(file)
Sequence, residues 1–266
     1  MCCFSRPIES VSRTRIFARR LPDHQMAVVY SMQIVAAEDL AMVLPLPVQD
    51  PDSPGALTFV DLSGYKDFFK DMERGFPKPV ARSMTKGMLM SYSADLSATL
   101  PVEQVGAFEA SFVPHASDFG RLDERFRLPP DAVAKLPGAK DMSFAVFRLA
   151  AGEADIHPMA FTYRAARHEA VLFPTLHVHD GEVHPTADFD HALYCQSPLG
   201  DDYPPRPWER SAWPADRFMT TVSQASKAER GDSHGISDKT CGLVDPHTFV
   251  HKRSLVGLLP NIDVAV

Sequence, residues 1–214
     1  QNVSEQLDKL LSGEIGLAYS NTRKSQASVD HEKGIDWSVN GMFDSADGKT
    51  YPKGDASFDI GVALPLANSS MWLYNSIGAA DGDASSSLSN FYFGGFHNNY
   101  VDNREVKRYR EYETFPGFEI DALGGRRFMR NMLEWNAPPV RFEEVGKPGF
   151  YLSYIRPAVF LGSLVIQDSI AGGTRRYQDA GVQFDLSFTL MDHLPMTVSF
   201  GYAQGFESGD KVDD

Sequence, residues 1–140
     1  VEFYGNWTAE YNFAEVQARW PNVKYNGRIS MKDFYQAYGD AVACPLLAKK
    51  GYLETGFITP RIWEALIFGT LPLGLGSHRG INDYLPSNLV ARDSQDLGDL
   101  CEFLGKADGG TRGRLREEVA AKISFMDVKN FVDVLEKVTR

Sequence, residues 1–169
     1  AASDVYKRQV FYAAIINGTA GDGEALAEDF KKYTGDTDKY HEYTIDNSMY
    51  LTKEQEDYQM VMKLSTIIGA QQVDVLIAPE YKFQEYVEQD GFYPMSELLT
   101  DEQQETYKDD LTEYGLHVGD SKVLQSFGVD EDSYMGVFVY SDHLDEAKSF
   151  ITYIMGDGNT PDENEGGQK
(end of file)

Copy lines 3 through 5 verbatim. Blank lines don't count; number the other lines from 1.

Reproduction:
    51  PDSPGALTFV DLSGYKDFFK DMERGFPKPV ARSMTKGMLM SYSADLSATL
   101  PVEQVGAFEA SFVPHASDFG RLDERFRLPP DAVAKLPGAK DMSFAVFRLA
   151  AGEADIHPMA FTYRAARHEA VLFPTLHVHD GEVHPTADFD HALYCQSPLG